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Minivans - Domestic or Foreign



  • thegraduatethegraduate Posts: 9,731
    American Honda has posted its 4th record sales month in a row for April. Individual sales records were set for all their light trucks, including Ridgeline Pickup, Pilot and CR-V SUVs, and the Odyssey Minivan.

    Honda's Acura division also posted record car sales for the month, with individual records set for the TL and TSX sedans.

    Honda seems to be faring well lately!

    You can read more about the records here:
  • hansiennahansienna Posts: 2,312
    EXCEPT for the Acura division and the hybrid Accord and hybrid Civic. :sick:
  • thegraduatethegraduate Posts: 9,731
    You'll note I didn't say all individual models hit records, just that the Honda division as well as several light trucks and Acura sedans which hit individual sales records.

    It's no wonder the Accord Hybrid doesn't sell at record levels...when an Accord I-4s are achieving mid and upper 30s on the highway, for about $10k+ less than the hybrid.
  • dc_driverdc_driver Posts: 712
    Totally agree with you (although the hybrid Accord has a lot more power), but $10K is a lot of money and the l-4 is plenty quick enough.

    Just bought my first Honda (Odyssey EX-L) and I have to say it is a great minivan. Being my first minivan (and shamefully, I have to admit that I was a little against buying a minivan but my wife insisted), I cannot stay away from it. Since we bought it, I have only driven my SUV (Mazda Tribute) to work and back and find myself finding excuses to drive the Odyssey. It is a much smoother and luxurious ride than my Tribute (loaded V6 with all the options). I swear the Odyssey is faster and handles much better. It is definitely more quiet and is more comfortable. I love the Odyssey cockpit, all the controls are in the right places and easy to use (intuitive comes to mind). the power sliding doors are wonderful, and it is so much easier handling a car seat (we have a nine month old) in the van vs the Tribute, or our previous sedan (Nissan Altima).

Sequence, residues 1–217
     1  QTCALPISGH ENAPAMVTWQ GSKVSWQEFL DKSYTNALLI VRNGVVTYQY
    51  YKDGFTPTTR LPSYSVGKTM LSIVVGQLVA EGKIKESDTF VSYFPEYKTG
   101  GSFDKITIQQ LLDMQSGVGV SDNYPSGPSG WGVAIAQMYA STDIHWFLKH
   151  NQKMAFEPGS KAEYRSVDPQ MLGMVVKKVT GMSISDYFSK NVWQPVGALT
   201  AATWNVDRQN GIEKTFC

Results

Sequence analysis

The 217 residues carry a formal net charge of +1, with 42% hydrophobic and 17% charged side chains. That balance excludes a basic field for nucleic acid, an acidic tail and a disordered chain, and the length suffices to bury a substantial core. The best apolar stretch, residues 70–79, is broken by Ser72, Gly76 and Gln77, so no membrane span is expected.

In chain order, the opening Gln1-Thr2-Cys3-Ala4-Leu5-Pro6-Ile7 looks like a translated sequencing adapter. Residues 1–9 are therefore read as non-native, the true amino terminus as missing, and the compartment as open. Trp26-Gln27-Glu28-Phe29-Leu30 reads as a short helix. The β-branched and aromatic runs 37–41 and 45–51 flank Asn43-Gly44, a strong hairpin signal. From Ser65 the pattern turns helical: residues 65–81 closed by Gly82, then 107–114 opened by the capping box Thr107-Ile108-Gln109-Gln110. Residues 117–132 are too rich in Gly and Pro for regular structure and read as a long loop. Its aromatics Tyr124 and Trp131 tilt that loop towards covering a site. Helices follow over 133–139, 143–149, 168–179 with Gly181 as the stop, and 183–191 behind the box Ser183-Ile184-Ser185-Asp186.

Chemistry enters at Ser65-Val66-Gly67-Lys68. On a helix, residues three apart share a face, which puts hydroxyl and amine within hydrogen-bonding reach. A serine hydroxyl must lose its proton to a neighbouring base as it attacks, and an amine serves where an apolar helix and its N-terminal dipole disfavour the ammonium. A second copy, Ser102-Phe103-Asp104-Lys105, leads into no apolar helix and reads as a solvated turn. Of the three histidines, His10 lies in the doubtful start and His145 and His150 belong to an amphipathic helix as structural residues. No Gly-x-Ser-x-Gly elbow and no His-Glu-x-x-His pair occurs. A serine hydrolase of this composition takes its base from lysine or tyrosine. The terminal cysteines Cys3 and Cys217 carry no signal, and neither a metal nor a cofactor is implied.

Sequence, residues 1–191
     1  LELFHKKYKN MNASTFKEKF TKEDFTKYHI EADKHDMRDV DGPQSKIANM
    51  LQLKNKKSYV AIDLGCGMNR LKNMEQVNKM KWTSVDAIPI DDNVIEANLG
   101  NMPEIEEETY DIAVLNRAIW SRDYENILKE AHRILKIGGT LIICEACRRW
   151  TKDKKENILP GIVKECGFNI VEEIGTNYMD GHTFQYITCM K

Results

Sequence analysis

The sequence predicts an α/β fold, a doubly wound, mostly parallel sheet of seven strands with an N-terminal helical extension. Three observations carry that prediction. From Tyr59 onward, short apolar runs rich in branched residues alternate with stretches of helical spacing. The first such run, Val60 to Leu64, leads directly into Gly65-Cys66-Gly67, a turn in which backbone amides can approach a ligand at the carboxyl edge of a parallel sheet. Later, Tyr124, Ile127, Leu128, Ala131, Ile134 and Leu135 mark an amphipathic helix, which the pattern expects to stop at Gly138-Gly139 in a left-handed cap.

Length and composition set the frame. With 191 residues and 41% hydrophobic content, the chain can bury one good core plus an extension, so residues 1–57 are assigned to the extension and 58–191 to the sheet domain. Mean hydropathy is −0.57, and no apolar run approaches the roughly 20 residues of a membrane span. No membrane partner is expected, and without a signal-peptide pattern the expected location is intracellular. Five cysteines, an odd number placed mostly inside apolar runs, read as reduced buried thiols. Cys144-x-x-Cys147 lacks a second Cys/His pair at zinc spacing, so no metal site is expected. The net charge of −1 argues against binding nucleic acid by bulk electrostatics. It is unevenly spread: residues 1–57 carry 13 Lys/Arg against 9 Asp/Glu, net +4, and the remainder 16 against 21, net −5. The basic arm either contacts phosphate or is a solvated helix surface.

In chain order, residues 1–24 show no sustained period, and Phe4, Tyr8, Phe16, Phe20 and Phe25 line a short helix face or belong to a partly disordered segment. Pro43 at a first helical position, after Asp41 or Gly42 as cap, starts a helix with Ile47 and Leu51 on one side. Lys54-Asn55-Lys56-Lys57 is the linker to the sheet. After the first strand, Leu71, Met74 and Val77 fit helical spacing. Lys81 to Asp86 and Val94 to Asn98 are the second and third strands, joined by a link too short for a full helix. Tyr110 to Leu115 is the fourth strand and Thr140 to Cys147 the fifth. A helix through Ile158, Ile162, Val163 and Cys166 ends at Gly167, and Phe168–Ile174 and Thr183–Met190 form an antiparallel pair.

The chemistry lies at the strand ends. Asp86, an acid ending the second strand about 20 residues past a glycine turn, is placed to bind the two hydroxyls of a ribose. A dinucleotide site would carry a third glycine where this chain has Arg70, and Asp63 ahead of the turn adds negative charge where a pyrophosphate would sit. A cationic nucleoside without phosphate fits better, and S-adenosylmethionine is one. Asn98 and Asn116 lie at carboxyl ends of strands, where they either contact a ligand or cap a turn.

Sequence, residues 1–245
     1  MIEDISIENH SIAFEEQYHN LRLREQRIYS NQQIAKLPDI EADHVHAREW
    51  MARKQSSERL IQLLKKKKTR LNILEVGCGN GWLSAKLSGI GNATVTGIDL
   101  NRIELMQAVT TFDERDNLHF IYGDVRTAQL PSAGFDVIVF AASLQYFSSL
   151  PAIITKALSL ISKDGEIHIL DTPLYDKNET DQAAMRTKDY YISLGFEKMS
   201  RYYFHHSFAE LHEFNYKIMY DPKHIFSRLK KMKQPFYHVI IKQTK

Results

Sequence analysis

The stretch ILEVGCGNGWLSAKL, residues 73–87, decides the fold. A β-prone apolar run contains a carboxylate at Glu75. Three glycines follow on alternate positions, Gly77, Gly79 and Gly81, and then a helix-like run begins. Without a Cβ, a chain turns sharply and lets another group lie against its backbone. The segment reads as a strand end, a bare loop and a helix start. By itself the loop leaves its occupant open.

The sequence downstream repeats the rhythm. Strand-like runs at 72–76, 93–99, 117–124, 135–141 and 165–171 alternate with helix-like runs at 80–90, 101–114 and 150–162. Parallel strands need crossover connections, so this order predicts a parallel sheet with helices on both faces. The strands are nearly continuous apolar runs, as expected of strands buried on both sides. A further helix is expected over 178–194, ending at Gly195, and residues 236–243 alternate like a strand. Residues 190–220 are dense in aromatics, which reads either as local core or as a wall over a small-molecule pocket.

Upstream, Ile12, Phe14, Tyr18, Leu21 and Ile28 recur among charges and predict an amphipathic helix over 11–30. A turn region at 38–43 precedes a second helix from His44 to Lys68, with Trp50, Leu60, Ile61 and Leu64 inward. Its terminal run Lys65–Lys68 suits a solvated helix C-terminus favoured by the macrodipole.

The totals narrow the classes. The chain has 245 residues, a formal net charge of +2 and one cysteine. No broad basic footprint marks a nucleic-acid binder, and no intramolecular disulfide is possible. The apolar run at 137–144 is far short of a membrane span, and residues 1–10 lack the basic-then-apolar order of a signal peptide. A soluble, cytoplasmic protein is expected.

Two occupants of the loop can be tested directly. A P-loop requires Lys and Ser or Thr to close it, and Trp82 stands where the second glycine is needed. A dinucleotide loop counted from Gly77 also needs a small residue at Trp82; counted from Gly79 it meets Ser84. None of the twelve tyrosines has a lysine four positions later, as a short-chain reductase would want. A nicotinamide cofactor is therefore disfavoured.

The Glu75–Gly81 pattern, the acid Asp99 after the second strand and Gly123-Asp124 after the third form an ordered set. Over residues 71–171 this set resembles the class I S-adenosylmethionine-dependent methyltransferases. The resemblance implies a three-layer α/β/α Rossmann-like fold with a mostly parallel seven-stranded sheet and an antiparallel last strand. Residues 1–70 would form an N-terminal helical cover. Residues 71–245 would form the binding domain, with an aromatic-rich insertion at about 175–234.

Anyone on the fence buying a minivan for fear of hurting your image, go drive the Odyssey! (I have to admit though, I also like the exterior of the 06 Sienna very much, especially the front end. It looks Lexus-like)...
  • thegraduatethegraduate Posts: 9,731
    You are right about the Hybrid's would be a good substitute for a TL if you want the TL for its engine, but the styling of the Acura is what most people go for (I love it too!).

    But for me, and many buyers, the 166 hp I-4 is more than enough power, and the low gas bills are just icing on the cake! (not to mention the $$ saved on initial purchase vs. the Hybrid).
  • thegraduatethegraduate Posts: 9,731

    That looks nice, kind of reminds me of the new Sedona (which isn't a bad thing), but it isn't the radical design some claimed was coming. Just a natural evolution of the DCX.
  • mrblonde49mrblonde49 Posts: 626
    That looks nice, kind of reminds me of the new Sedona (which isn't a bad thing), but it isn't the radical design some claimed was coming. Just a natural evolution of the DCX. "

    That does look nice.

    But I thought the radical part was going to be the 300-inspired front grill. Still have to see that...
  • sebring95sebring95 Posts: 3,238
    Well, it's clear the sliding doors have roll-down windows. And the rear windows pop out too. I was surprised the Ody didn't have the rear poppers, but I suppose the FM Antenna being there nixed that. Is it just me, or that a shorty van and not a grand?
  • thegraduatethegraduate Posts: 9,731